Opinion

NI, GB, EU and why in the name of god this stuff matters when it shouldn’t…

Irish whiskey but a Unionist heartland…represented by a tricolour!
Photo by Bill Corcoran

I was in Malta last week. A surreal experience with a Mediterranean climate, English spoken, fish’n’chips (and mushy peas!!) in a posh café in Valletta. In conversations with the friendly Maltese, the prevailing words, uttered quietly, once the polite language about shared history, culture and friendship had been done – “but Brexit….”; as if referring to a family tragedy, emerged from the young and old. Clearly, they think we’re mad; and not in the good old Noel Coward way of defiant macho-midday sun exposure.

After the bureaucratic shock of having to fork out £50 for a ‘Day 2 Covid Test’ to be allowed back to Britain wore off, there I was, safely airside…waiting for the flight back to a joyful Ashleyless Newcastle, wandering around Duty Free.

‘Cos Duty-Free is back! The one advantage that I’ve seen is it’s cheaper for Brits in Duty Free than EU Citizens, or ‘Schengen Area’, as the marketing speak says. However, there are exceptions…The major one, as pointed out by the small print in the duty-free brochure is ‘citizens from Northern Ireland’. If you’re flying to Belfast, there’s no Duty-Free. None. You’re treated as EU.

As a proud Tyneside Irishman, I’ve been forced on several occasions to defend Irish whiskey (note the spelling) against the Scotch variant. In an artillery barracks in Gateshead in 2016, we’re nearing ‘the answer’ at 3.30am as the Tyneside Scottish and Tyneside Irish remnants pursued the solution, with a fiddle in the background, so I’m reasonably familiar with the damage that can be done by the ‘creature’ as my Scottish friends call it.

However, they’re only talking about booze-damage to livers, hangovers and Magistrates Courts, not the breakdown of civilisation.

There are many areas of dispute in Northern Ireland/Ireland; amongst the least horrendous are the “crisp wars” between Tayto (“Free Stayto”) crisps and the NI ones made in Tandragee. They are the bits of the Troubles we can laugh about a bit.

The Bushmills Whiskey, may have a mixed Protestant and (slight) Catholic heritage, but try explaining that to anyone who’s had half a bottle, on the 12th, on the Shankhill, (any more than pointing out that the Pope was on King Billy’s side at the Battle of the Boyne) and you might be counting your teeth on the floor. Jamesons from Cork City occupies the corresponding place in Irish boozing myth.

Seeing Bushmills Whiskey next to an Irish Tricolour in Valletta Duty- Free just might send a man of serious sectarianism into a furious rage, especially when it’s more expensive to take it “back home to Ulster” than to the Britain which acceded to an Irish Sea border so Boris could win an election (having guaranteed the free passage of Northern Tayto Crisps and everything else he said that wasn’t quite true).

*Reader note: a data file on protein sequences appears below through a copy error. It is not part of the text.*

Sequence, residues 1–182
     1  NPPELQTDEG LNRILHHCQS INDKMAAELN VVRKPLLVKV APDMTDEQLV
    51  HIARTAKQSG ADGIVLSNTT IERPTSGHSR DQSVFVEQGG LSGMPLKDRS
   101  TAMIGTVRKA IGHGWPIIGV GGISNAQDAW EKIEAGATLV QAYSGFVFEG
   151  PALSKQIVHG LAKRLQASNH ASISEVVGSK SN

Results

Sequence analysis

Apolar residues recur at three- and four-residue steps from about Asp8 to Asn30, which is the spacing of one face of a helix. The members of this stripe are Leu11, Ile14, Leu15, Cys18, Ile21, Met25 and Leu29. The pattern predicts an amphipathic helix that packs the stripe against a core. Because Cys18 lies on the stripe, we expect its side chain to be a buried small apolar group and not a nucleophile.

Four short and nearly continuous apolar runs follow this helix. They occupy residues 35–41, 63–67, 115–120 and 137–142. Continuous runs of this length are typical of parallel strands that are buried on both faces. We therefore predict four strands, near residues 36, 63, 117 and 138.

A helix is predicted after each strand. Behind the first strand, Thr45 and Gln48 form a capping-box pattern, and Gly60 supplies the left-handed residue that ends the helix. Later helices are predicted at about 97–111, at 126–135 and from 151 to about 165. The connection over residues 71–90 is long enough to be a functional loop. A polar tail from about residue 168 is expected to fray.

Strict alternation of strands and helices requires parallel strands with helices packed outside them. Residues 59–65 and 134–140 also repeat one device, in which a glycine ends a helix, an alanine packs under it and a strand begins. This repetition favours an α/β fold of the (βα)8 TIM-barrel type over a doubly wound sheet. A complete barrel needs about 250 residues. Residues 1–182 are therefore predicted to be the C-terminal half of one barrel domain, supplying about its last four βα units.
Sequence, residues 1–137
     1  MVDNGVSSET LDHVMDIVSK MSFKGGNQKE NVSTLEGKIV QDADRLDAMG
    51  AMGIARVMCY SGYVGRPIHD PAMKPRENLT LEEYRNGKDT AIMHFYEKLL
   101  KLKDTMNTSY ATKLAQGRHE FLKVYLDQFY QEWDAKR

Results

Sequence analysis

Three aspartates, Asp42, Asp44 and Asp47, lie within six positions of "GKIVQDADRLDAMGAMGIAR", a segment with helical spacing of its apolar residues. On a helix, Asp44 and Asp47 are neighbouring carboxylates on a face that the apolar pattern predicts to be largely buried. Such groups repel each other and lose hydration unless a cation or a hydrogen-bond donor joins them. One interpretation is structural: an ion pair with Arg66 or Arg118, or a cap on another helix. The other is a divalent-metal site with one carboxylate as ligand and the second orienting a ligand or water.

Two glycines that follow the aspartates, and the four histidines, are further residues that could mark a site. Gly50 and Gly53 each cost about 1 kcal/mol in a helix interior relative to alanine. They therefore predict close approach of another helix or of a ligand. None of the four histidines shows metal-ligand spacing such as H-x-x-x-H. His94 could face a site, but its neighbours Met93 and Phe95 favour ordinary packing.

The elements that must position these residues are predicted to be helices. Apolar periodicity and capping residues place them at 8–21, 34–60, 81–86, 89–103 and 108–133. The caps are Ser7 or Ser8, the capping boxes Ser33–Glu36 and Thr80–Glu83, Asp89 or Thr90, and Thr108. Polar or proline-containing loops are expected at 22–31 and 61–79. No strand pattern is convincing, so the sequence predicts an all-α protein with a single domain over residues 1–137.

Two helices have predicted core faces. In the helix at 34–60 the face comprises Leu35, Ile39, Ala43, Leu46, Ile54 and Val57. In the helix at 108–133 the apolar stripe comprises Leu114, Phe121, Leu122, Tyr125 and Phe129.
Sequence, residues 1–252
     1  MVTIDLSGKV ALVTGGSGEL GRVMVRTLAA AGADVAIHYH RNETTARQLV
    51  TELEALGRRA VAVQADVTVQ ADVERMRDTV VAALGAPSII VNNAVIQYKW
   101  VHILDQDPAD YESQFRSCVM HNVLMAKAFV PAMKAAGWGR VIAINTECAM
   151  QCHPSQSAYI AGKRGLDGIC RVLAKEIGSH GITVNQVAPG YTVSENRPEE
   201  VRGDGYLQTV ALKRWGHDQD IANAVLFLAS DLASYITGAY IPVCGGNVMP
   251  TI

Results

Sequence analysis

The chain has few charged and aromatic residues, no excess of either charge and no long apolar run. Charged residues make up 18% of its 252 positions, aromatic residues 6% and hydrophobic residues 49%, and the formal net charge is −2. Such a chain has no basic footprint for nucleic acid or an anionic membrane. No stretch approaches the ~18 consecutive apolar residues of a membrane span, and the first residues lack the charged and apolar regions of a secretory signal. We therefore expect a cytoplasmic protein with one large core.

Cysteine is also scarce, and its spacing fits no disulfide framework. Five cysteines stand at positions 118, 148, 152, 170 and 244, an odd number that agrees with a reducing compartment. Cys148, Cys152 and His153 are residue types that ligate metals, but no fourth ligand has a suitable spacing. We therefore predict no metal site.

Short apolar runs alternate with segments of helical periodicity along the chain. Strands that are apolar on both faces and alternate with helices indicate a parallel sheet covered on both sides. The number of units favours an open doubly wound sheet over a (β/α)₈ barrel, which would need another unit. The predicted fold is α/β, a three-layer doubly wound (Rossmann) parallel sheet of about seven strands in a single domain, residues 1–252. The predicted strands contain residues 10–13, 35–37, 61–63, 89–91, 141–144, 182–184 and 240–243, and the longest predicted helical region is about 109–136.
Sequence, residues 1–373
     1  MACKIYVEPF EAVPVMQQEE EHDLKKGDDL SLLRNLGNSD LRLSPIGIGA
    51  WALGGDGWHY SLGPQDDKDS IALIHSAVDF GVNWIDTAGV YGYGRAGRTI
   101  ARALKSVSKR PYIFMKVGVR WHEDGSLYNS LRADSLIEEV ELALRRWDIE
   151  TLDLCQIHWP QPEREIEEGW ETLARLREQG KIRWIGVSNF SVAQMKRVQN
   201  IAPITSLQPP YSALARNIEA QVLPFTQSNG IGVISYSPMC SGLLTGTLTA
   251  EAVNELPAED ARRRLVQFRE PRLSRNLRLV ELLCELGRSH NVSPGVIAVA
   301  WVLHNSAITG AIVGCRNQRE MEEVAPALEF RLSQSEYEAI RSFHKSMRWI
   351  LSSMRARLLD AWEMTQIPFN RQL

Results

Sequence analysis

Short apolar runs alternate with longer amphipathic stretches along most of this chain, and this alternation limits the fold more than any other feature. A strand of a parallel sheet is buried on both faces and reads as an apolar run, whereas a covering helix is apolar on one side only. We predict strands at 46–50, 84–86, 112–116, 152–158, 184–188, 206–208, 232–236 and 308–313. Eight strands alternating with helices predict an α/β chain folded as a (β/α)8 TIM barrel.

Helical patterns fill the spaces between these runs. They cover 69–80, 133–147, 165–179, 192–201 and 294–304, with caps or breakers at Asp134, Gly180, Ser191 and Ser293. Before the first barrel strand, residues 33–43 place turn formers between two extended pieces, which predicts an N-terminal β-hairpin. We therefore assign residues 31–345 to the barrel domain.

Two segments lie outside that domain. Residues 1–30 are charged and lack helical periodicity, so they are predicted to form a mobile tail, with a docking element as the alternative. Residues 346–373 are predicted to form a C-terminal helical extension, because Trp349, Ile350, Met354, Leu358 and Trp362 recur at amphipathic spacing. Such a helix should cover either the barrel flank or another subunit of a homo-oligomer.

So the many borders which face us in Ireland, natural, unnatural, bogus, fake, bureaucratic and legal are, as ever nothing without the self-made borders in the hearts of humankind. We had peace, not a great one, but tolerable; it meant that the army could come home, people could co-exist and there was hope for a better future.

Now we fear that our government will use the community divisions in Ireland as a negotiating tactic with the EU, and a campaign strategy to retain its English heartland. And to hell (or Connaught?) with the Irish on all sides.

If that tactic works, if they sell the most loyal – literally ‘the loyalists’ – supporters of the British Union out in exchange for a few years of power, there seems no hope for the stability of the United Kingdom. How we get anyone in Belfast, or Glasgow, or Liverpool or Newcastle to say nothing of Berlin, Paris or Brussels to trust Perfidious Albion again, I don’t know, but I suspect that it could be impossible.

At some point people stop trying to fix a broken system and look for alternatives. Maybe people will recover their affection for the values of a gentle England, that could coexist with settled identities within its British family? Or maybe we’ll get a machine gun line at a defended Carter Bar?

If people can argue about crisps and whiskey, and mean it; political economy and geography are easy. Farce becomes tragedy quite easily. Stupid arguments still hurt and countries can collapse because of them.

We are warned.

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